An Anthropology of Nature – or an Industrialist Anthropology?

Authored by: David W. Kidner

Routledge Handbook of Environmental Anthropology

Print publication date:  August  2016
Online publication date:  August  2016

Print ISBN: 9781138782877
eBook ISBN: 9781315768946
Adobe ISBN: 9781317667964

10.4324/9781315768946.ch10

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Abstract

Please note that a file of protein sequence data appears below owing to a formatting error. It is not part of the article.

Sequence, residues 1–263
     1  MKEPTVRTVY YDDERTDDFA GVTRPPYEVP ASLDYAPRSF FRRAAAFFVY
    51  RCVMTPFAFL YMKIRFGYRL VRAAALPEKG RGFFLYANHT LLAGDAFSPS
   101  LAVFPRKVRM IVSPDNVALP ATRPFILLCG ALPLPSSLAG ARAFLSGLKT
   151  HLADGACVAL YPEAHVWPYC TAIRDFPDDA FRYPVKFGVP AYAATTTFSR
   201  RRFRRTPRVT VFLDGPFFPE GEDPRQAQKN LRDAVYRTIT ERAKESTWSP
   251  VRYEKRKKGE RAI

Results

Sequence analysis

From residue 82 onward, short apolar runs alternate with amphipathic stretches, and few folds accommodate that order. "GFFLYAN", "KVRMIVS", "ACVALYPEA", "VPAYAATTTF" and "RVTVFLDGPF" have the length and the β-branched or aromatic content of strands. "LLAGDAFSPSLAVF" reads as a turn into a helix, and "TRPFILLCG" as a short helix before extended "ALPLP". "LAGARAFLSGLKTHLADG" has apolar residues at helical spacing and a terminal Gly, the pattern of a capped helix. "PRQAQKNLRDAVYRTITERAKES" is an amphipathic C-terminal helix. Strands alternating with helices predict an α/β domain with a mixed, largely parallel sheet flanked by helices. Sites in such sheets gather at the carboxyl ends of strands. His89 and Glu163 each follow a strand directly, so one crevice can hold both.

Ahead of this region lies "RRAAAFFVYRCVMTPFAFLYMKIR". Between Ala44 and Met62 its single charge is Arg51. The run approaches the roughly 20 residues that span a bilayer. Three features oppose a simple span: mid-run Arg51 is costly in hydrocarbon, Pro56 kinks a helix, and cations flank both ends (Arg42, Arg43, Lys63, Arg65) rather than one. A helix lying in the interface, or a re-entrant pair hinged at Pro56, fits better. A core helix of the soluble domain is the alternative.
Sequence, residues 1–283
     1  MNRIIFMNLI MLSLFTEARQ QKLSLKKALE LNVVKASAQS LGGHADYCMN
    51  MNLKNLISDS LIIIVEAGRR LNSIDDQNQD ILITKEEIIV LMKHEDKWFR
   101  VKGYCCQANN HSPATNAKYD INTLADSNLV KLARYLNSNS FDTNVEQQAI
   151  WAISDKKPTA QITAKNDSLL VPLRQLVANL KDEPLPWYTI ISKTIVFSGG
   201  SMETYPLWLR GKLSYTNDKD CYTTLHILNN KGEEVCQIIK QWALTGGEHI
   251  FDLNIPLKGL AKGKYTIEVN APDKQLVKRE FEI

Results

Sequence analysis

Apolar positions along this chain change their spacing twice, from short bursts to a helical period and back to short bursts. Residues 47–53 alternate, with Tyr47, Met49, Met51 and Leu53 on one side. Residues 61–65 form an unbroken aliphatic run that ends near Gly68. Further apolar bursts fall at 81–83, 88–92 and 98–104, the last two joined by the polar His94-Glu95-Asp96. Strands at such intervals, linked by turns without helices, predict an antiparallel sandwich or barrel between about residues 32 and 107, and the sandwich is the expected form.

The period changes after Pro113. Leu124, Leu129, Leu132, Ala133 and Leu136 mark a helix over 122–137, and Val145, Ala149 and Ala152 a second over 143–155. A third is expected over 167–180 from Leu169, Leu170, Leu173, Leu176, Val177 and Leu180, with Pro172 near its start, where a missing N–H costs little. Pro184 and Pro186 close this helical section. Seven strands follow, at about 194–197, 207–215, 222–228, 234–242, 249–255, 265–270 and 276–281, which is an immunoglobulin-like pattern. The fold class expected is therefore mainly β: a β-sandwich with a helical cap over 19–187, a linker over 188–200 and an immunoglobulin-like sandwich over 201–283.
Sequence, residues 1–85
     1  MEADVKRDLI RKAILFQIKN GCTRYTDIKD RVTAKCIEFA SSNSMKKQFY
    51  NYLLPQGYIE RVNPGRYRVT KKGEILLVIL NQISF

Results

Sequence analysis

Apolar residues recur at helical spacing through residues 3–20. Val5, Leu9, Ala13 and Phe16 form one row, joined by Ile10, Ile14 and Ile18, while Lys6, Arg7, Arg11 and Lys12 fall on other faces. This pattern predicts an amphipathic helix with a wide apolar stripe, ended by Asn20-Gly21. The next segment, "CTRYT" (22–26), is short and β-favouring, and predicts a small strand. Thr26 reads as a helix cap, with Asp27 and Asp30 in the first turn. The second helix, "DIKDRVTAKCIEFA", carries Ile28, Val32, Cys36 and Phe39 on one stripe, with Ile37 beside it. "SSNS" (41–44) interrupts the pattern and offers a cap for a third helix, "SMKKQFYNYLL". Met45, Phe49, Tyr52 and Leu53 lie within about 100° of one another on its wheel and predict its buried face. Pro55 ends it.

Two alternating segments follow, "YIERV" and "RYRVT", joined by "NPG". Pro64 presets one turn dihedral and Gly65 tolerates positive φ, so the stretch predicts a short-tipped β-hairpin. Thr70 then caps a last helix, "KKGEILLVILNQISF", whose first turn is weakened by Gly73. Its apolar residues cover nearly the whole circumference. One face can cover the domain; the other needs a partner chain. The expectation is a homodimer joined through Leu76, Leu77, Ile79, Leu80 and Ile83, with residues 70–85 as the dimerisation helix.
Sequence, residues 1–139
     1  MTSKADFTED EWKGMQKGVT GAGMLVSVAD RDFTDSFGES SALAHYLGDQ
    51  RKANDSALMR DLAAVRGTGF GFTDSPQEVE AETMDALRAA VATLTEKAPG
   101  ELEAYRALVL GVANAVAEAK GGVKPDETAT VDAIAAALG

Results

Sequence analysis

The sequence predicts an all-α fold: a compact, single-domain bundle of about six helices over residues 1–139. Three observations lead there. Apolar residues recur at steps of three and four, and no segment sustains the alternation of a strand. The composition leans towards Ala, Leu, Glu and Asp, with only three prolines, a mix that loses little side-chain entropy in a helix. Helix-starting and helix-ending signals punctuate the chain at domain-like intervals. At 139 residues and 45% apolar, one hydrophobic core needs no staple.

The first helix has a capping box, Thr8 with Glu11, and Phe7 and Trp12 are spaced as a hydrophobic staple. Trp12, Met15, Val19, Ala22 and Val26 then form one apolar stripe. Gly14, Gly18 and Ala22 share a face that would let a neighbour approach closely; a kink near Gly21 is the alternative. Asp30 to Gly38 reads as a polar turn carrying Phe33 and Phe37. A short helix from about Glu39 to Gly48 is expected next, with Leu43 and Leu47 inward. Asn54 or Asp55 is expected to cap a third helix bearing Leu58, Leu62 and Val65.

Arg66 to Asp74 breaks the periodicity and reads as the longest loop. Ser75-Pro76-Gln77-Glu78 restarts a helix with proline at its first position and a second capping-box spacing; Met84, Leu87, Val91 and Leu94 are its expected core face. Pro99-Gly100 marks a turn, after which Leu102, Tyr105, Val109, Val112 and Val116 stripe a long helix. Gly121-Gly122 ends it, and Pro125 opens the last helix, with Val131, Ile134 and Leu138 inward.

The alienation from nature that is foundational to so much of the industrialised world has also left its imprint on academic thought; and this trend has become even more firmly established since the mid-1980s. Today, the suggestion that evolutionary or ecological factors are primary influences on human life is distinctly out of fashion among anthropologists. The association of evolutionary perspectives with the eugenic movement, racist ideologies, and the sometimes simplistic notions of evolutionary psychology has led to a retreat into the paralysing embrace of a defensive relativist ideology which regards human being simply as the malleable product of cultural factors (Bloch 2005). This trend has been reinforced by reactions to the inadequacy of some early anthropologists’ attempts to generalise about ‘human nature’. But rejecting simplistic accounts of our rootedness within the natural world need not entail a wholesale denial of its significance; and in denying nature we risk being drawn into the same assumptive framework as industrialism, viewing humanity as anchored within a context that is defined solely by technological, ‘cultural’, and economic considerations. In this chapter, I will sketch out some of the ways that anthropology may sometimes unwittingly legitimate industrialism’s destruction of the natural world, redefining humanity according to an industrial template and framing nature as the formless raw material out of which industrial products are manufactured.

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